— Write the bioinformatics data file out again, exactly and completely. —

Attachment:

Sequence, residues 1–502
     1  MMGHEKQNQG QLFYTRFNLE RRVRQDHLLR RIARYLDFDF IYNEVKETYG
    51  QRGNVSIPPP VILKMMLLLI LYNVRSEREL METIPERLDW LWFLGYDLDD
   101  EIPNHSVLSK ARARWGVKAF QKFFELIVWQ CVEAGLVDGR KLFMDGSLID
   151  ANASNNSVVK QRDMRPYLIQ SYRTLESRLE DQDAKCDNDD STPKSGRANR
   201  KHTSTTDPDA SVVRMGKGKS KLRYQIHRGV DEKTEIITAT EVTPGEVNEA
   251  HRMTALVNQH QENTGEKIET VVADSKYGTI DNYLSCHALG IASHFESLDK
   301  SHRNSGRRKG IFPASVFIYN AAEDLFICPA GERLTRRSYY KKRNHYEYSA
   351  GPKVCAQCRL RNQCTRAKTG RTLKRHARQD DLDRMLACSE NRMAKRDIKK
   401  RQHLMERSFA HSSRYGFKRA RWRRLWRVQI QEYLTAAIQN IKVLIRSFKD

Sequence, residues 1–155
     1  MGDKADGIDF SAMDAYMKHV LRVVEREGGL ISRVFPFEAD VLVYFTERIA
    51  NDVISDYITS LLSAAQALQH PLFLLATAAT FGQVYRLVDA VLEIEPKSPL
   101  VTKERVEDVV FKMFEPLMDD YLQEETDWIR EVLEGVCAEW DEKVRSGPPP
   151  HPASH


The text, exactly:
Sequence, residues 1–502
     1  MMGHEKQNQG QLFYTRFNLE RRVRQDHLLR RIARYLDFDF IYNEVKETYG
    51  QRGNVSIPPP VILKMMLLLI LYNVRSEREL METIPERLDW LWFLGYDLDD
   101  EIPNHSVLSK ARARWGVKAF QKFFELIVWQ CVEAGLVDGR KLFMDGSLID
   151  ANASNNSVVK QRDMRPYLIQ SYRTLESRLE DQDAKCDNDD STPKSGRANR
   201  KHTSTTDPDA SVVRMGKGKS KLRYQIHRGV DEKTEIITAT EVTPGEVNEA
   251  HRMTALVNQH QENTGEKIET VVADSKYGTI DNYLSCHALG IASHFESLDK
   301  SHRNSGRRKG IFPASVFIYN AAEDLFICPA GERLTRRSYY KKRNHYEYSA
   351  GPKVCAQCRL RNQCTRAKTG RTLKRHARQD DLDRMLACSE NRMAKRDIKK
   401  RQHLMERSFA HSSRYGFKRA RWRRLWRVQI QEYLTAAIQN IKVLIRSFKD

Sequence, residues 1–155
     1  MGDKADGIDF SAMDAYMKHV LRVVEREGGL ISRVFPFEAD VLVYFTERIA
    51  NDVISDYITS LLSAAQALQH PLFLLATAAT FGQVYRLVDA VLEIEPKSPL
   101  VTKERVEDVV FKMFEPLMDD YLQEETDWIR EVLEGVCAEW DEKVRSGPPP
   151  HPASH